Subscribe to INT Podcast
|September 21, 2014|
Navy plowing ahead on new coastal ship, despite woes
MOBILE, Ala.--The Navy’s newest ship is designed to battle Iranian attack boats, clear mines from the Strait of Hormuz, chase down Somali pirates and keep watch on China’s warships. The ones built here even look menacing, like Darth Vader on the sea.
“It’s going to scare the hell out of folks,” said Representative Jo Bonner, the Alabama Republican who represents Mobile and is one of the ship’s biggest boosters in Congress.
Mr. Bonner acknowledged that the ship has needed a “tweak” here and there, his allusion to one of the most tortured shipbuilding programs in Navy history, a decade-long tale of soaring costs, canceled contracts and blown deadlines.
One of the two $700 million ships completed so far has had a major leak and crack in its hull, while the other is at sea, testing equipment that is failing to distinguish underwater mines from glints of light on the waves. More ominously, a report late last year by the Pentagon’s top weapons tester said the ship “is not expected to be survivable in a hostile combat environment.”
But for better or worse, the Pentagon and the Obama administration are embracing the Littoral Combat Ship as the future of naval warfare and just what is needed to meet 21st-century threats.
Able to operate on the high seas and along shallow coastlines (the “littorals”), the fast, maneuverable ship is central to President Obama’s strategy of projecting American power in the Pacific and Persian Gulf. It adds a relatively small and technologically advanced ship, part of what former Defense Secretary Donald H. Rumsfeld envisioned as a lean, proficient military, to America’s traditional blue-water Navy of aircraft carriers and destroyers.
“This ship is the right ship at the right time,” Robert O. Work, the undersecretary of the Navy, said in a recent interview. “We’ve got to prove it to all the naysayers.”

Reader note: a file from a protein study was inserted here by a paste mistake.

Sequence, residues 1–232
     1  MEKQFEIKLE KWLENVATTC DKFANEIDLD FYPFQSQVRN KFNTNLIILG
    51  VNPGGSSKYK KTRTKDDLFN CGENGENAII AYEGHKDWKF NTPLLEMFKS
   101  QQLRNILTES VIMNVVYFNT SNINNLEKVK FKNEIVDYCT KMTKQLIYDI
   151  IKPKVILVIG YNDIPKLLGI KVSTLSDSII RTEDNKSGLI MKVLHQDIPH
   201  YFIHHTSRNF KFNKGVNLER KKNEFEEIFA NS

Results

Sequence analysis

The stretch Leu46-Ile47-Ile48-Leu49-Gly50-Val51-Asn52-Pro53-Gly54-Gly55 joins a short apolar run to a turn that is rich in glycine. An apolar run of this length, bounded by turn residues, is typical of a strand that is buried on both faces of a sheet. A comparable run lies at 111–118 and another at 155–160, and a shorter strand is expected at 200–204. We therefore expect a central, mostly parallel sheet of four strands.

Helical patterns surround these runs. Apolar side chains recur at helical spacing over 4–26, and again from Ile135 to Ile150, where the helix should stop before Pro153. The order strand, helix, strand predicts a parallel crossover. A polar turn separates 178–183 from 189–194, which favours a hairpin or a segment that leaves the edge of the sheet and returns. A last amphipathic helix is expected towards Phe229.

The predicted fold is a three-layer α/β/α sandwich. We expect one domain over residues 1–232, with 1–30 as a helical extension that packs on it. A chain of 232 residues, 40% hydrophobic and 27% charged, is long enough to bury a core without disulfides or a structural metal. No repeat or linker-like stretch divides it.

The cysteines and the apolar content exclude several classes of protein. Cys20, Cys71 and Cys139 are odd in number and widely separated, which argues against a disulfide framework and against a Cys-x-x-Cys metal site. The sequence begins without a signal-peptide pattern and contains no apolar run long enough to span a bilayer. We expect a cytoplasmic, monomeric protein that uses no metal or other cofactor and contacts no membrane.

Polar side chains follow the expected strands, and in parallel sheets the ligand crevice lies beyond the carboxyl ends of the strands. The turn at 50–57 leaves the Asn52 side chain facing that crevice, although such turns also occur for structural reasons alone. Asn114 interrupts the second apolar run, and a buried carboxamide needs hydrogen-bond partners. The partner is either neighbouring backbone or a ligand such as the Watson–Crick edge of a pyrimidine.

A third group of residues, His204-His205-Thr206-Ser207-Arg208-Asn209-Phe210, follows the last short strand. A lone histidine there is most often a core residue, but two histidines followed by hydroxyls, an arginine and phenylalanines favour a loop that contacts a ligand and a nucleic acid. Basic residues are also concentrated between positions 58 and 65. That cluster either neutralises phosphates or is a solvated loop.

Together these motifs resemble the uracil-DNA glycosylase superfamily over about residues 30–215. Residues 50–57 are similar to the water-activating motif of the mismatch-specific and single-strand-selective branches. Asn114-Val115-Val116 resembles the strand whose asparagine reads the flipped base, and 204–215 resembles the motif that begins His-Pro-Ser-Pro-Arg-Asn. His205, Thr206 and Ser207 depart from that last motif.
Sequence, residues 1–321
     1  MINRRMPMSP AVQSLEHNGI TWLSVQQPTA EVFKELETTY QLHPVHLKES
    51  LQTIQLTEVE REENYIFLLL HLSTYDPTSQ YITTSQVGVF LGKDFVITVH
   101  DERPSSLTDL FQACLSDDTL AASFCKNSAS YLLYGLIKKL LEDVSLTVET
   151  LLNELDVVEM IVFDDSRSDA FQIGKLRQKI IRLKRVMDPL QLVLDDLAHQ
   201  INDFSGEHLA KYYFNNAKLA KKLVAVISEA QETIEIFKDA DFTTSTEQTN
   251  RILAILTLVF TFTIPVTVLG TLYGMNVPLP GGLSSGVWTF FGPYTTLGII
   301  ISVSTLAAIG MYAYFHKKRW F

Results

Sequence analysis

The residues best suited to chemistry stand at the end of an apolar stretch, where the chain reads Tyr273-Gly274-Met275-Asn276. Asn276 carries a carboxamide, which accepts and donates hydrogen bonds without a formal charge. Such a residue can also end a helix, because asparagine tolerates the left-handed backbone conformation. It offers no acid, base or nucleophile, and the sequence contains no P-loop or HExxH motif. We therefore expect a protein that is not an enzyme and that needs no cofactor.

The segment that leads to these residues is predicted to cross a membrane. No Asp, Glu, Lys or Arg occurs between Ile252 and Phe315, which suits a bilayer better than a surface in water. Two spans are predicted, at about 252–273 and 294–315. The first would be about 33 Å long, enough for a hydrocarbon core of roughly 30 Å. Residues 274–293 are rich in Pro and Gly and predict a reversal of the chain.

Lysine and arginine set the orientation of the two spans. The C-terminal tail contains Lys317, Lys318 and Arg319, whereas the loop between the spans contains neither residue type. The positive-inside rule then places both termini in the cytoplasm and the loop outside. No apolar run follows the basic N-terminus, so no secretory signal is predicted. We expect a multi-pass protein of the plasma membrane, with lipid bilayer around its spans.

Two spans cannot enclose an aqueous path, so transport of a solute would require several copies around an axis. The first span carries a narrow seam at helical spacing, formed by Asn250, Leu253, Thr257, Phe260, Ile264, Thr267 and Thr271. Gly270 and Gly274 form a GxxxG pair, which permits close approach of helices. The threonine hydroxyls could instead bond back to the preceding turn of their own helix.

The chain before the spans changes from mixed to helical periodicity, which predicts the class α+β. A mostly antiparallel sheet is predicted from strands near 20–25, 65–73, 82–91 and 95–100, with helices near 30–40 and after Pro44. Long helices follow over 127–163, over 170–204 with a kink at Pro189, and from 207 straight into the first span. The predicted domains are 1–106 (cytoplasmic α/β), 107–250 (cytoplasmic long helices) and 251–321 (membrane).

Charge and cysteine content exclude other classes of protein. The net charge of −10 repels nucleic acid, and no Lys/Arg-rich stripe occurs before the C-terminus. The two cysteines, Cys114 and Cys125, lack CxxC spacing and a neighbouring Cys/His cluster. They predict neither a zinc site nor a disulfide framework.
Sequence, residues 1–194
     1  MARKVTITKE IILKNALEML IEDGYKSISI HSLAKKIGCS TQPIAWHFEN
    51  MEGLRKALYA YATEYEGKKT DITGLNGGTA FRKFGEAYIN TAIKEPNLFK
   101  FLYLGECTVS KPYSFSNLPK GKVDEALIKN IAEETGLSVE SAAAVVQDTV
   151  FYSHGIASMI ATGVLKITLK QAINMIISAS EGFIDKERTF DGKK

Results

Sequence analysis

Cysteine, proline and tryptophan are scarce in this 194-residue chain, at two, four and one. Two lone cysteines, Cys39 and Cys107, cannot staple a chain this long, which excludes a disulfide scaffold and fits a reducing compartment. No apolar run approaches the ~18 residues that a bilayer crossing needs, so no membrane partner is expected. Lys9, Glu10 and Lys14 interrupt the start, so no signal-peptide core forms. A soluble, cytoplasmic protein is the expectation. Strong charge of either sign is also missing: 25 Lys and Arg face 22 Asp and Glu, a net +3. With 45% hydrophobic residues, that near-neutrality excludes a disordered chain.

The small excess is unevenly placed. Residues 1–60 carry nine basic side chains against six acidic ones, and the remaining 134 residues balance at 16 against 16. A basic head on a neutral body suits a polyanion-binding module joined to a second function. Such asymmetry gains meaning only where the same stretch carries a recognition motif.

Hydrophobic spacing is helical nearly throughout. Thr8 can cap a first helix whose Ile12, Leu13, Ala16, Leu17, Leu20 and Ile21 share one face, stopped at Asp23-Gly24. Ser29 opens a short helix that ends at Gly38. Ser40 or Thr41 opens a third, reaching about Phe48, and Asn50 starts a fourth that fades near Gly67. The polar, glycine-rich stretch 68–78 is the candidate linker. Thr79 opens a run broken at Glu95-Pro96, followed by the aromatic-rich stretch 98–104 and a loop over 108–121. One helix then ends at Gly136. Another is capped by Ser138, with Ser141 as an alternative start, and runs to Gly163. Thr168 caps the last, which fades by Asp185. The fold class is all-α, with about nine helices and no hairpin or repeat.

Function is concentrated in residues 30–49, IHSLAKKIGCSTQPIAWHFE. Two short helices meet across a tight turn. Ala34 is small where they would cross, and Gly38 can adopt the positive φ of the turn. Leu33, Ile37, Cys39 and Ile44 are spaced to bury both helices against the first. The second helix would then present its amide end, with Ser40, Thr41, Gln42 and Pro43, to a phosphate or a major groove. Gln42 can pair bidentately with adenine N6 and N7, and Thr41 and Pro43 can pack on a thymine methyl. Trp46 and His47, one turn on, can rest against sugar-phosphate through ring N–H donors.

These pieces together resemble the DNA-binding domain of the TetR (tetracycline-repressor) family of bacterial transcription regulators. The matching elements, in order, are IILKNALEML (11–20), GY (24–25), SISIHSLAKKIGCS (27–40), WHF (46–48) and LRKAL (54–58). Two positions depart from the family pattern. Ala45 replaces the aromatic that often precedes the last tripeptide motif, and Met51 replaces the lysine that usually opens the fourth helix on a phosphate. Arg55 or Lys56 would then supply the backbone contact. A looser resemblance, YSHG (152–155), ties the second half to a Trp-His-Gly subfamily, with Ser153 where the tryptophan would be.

For a Pentagon that must make deep budget cuts, about $450 billion over the next decade, and possibly up to $1 trillion if Congress does not make alternative reductions, the shallow-water ship is a priority. Relatively inexpensive, at least compared with a $2 billion destroyer, it remains critical to the Navy’s goal of reaching a 300-ship fleet, assuming that all 55 littoral combat ships are built as planned. Right now the Navy has 285 ships, making it, as Mitt Romney, the leading Republican presidential candidate points out, the smallest Navy since 1917.
(“An accurate observation that is totally irrelevant,” Mr. Work said. In 1917, “we didn’t have any airplanes in the fleet. We didn’t have any unmanned systems. We didn’t have Tomahawk cruise missiles.”)
The Pentagon has made only the most modest of cutbacks on the new ships by delaying purchases of two of them in future years, and prospects for continued Congressional support for the program are good, despite years of objections from some on Capitol Hill. “The story of this ship is one that makes me ashamed and embarrassed as a former Navy person,” Senator John McCain, an Arizona Republican and onetime Navy pilot, said in late 2010, citing billions of dollars in cost overruns.
But the Navy now insists that they have brought the costs down and that the ships will each cost less than $400 million, and that after an “utter procurement mess”, Mr. Work’s words, the problems are being solved. (The first ship, despite the leak and crack, is expected to be deployed to Singapore next year, at the southern edge of the South China Sea, and the one now in sea trials could be ready by 2014.) Analysts say an important factor driving the Navy and Congress is that the vessels the ships are meant to replace — frigates and minesweepers — are aging, and that there is little else in the pipeline. The combat ship is seen as too far along in production to be killed now.